Three turned to stone

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I apologize for being one day late. I had my days mixed up this weekend. To compensate, I will extend the deadline for Cerberus by one more day. Entries will be accepted until August 4th.

Over the last 8 days, I received 30 entries to Medusa’s Snake Pit. The answer keys were a tad messy but that didn’t stop 27 solvers from getting to the correct solution.
Here is the list of correct entries in order that I received them:

  1. Edison He (who was also first in Hydra)
  2. Ken Levine
  3. Dylan Gibbs
  4. Adam Vangness
  5. Robert Vollmert
  6. Ben Wootten
  7. Nick Brady
  8. Alex Pei
  9. Logan Dymond
  10. Jack Bross
  11. Scott Handelman
  12. Stefan Tomlins
  13. Prasanna Seshadri
  14. Michael Deluca*
  15. Yuhei Kusui
  16. Willy Petrenko
  17. Eric Odenheimer*
  18. Antonis Lalatsas
  19. James McGowan
  20. Jakub Hrazdira
  21. Ivan Koswara
  22. Zbigniew Laskowski
  23. Nikola Zivanovic
  24. Branko Ceranic
  25. Andrey Bogdanov
  26. Zoltan Horvath*
  27. Matt Lahut
  28. Andrew Brecher
  29. John Reid
  30. Thomas Powell

Oh no! Three entries were incorrect.*
I cannot accept their entries since Medusa had already turned Michael, Eric and Zoltan to stone. Sorry! But do try again with Cerberus.

As for the 27 correct solvers, they will participate in a rock paper scissors tournament right after Cerberus leaves. Speaking of the devil, here he comes! Check out his puzzle at the menu above. The three-headed beast will linger around for the next 8 days.

Thank you for being with me throughout this year’s July Giants.
Enjoy the last puzzle!

Medusa has arrived

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Argus Panoptes has been defeated!
In just over a week, 31 solvers defeated Argus Panoptes. Here is the list of solvers in order of their submission times:

  1. Yuhei Kusui
  2. Ivan Koswara
  3. Alex Pei
  4. Ken Levine
  5. Prasanna Seshadri
  6. Zbigniew Laskowski
  7. Antonis Lalatsas
  8. Nick Brady
  9. Robert Vollmert
  10. Andrew Brecher
  11. Walker Anderson
  12. Jakub Hrazdira
  13. Edison He
  14. Matt Lahut
  15. Alan O’Donnell
  16. Tom Collyer
  17. Michael Deluca
  18. Thomas Powell
  19. Jack Bross
  20. Willy Petrenko
  21. Maja Gribajcevic
  22. Giovanni Pagano
  23. Stefan Tomlins
  24. Logan Dymond
  25. Branko Ceranic
  26. Matej Uher
  27. Nikola Zivanovic
  28. Andrey Bogdanov
  29. Neil Zussman
  30. John Reid
  31. James McGowan

The giant Masyu seemed to be really easy in comparison to Hydra’s Tapa two weeks ago. Fret not!
You will spend the next 8 days surviving in Medusa’s Snake Pit!
Can you slither your way to victory? Get the puzzle at the menu above.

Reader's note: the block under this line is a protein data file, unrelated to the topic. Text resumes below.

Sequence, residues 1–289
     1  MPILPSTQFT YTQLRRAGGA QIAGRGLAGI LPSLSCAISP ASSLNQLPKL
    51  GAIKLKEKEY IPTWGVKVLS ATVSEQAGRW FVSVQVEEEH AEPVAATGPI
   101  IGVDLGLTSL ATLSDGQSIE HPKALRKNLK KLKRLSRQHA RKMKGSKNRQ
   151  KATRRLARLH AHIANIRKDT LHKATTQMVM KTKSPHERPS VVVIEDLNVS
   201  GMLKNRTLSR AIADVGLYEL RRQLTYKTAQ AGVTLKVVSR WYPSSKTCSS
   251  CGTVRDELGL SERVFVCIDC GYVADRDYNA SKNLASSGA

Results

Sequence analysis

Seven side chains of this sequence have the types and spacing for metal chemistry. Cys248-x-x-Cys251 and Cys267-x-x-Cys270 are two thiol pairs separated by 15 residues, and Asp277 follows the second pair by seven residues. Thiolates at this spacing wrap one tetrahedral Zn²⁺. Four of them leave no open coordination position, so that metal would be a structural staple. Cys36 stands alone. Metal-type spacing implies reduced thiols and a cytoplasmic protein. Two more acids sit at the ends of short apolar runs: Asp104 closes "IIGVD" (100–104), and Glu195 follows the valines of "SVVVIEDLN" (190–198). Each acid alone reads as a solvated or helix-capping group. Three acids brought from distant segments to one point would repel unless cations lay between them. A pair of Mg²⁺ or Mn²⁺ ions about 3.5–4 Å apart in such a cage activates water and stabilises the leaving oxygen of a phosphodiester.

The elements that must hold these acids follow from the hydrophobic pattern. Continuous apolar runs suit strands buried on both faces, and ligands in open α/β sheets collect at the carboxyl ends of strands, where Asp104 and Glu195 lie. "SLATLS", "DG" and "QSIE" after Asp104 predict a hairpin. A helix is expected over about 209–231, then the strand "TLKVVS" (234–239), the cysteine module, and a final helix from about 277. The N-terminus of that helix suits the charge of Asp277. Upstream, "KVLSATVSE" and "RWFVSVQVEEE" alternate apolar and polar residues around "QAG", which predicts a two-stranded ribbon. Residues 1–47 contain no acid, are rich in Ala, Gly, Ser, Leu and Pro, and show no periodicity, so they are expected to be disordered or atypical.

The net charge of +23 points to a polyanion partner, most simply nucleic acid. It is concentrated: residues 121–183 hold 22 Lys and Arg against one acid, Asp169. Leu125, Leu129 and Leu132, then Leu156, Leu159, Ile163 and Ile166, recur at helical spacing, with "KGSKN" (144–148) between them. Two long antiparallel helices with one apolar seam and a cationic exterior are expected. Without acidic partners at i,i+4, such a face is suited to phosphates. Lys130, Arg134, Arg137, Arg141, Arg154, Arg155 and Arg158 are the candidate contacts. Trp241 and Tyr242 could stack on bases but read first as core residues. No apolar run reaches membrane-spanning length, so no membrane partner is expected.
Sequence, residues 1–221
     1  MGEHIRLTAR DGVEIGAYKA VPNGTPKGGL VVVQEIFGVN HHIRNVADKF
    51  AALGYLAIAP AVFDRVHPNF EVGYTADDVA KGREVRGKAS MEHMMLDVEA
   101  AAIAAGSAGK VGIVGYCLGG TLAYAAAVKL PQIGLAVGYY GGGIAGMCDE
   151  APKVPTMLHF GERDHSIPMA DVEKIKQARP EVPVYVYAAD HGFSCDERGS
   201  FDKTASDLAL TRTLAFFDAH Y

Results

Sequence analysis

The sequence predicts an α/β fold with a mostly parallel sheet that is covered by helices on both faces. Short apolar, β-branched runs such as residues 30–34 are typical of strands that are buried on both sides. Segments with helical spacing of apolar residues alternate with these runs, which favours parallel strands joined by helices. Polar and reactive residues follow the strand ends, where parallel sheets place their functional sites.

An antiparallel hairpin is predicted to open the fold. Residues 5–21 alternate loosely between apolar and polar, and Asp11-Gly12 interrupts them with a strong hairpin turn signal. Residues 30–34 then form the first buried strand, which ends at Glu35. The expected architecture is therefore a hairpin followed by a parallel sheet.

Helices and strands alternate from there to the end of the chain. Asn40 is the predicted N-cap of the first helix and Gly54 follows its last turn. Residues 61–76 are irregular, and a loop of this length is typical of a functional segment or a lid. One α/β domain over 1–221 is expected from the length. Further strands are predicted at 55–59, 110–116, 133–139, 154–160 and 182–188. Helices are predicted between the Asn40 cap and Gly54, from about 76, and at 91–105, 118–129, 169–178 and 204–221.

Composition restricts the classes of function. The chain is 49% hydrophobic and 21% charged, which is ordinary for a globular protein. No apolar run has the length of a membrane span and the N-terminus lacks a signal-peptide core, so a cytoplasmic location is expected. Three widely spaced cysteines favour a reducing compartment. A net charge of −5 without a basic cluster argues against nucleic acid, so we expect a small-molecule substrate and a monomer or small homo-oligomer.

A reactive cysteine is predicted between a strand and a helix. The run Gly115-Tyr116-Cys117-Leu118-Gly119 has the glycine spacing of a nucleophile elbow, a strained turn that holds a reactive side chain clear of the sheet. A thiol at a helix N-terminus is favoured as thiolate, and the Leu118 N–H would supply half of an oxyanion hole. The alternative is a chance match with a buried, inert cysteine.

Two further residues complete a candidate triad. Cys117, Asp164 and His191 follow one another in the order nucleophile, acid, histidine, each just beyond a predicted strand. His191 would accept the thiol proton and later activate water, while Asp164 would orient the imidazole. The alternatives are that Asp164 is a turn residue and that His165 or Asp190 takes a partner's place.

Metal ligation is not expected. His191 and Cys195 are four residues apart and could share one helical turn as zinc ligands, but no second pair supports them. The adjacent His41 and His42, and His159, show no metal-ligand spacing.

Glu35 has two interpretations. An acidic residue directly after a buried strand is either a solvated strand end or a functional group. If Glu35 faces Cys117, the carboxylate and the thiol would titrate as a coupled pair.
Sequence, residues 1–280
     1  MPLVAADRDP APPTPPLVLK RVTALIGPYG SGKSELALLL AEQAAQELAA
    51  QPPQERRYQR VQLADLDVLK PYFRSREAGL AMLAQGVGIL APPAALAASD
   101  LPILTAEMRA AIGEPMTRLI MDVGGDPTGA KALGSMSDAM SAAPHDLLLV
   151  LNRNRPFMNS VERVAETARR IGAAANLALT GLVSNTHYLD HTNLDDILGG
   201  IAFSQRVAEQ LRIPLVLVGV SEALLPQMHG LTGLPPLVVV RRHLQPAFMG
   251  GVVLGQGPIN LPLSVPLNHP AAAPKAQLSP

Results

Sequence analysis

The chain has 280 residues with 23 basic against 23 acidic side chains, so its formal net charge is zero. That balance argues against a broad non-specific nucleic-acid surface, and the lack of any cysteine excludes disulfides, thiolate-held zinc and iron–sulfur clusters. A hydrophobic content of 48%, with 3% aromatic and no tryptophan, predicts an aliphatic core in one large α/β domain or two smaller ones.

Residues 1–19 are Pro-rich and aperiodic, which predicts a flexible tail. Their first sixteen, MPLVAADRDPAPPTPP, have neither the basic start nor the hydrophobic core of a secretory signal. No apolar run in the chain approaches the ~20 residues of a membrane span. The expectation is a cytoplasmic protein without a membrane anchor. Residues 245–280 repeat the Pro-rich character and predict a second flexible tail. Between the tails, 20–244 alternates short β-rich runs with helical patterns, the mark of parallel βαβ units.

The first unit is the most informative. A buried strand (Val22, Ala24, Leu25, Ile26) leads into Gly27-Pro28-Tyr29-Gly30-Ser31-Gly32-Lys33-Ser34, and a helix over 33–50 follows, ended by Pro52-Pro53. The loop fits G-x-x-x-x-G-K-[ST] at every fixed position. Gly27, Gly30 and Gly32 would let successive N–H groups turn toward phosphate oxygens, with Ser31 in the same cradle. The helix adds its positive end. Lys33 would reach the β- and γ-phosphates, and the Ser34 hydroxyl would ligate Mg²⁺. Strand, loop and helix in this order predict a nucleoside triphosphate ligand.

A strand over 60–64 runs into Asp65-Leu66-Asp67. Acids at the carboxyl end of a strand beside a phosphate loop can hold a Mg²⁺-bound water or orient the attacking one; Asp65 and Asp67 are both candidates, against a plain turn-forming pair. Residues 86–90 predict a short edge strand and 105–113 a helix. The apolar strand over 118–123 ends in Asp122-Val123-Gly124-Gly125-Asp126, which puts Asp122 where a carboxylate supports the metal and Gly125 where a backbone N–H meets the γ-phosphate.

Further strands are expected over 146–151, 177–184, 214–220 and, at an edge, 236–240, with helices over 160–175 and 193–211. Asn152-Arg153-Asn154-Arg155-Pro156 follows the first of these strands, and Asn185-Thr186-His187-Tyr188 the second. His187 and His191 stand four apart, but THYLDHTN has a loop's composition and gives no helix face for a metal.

There are a lot of rules to swallow in this one, so if you’re unsure about the instructions, feel free to leave a comment and I’ll get back to you as soon as possible.

Enjoy!

Kota retains BRANDS Sudoku title

The 2014 BRANDS Thailand Sudoku Open concluded today. The usual 2-day format was increased by one day since in Thailand; it’s a 4-day weekend. The tournament started on Friday and the venue shifted from Siam Paragon to Central Ladprao, both are department stores in Bangkok.

Three to a table in the middle of a department store? Come on.  [Photo: Thailand Crossword Association]

Three to a table in the middle of a department store? Come on.
[Photo: Thailand Crossword Association]

From what I see, the conditions were awful. The instruction booklet was very sloppy and an unhealthy fraction of the puzzles were clearly computer-generated. Really the only thing this event is still attracting both local stars and international participants is the money. The winner gets to pocket a nice $5000 US.

This year saw an all-time low of international names. Just Jan and Kota returned. Yuhei was busy and the entire Indian team had to cancel their visit because the dates clashed with their hastily-organized Times Championship. Last year’s finalists Farhan Hassin (Malaysia) and Tung Yi Wu (Taiwan) were also absent. My friend, Gabriel Gan (Singapore) usually turns up as with a handful of Chinese players but none came this year. The only country to consistently field in a team every year is the Philippines. But ever since variants start to make more appearance than classic sudokus, none of them managed to leave any impressive results for the last 6 years.

Poramet didn't actually turn up. [Photo: Thailand Crossword Association]

Two funny things: 1. The logo has been re-used for the last 4 years (note “2011”) and 2. Poramet didn’t even sign up.
[Photo: Thailand Crossword Association]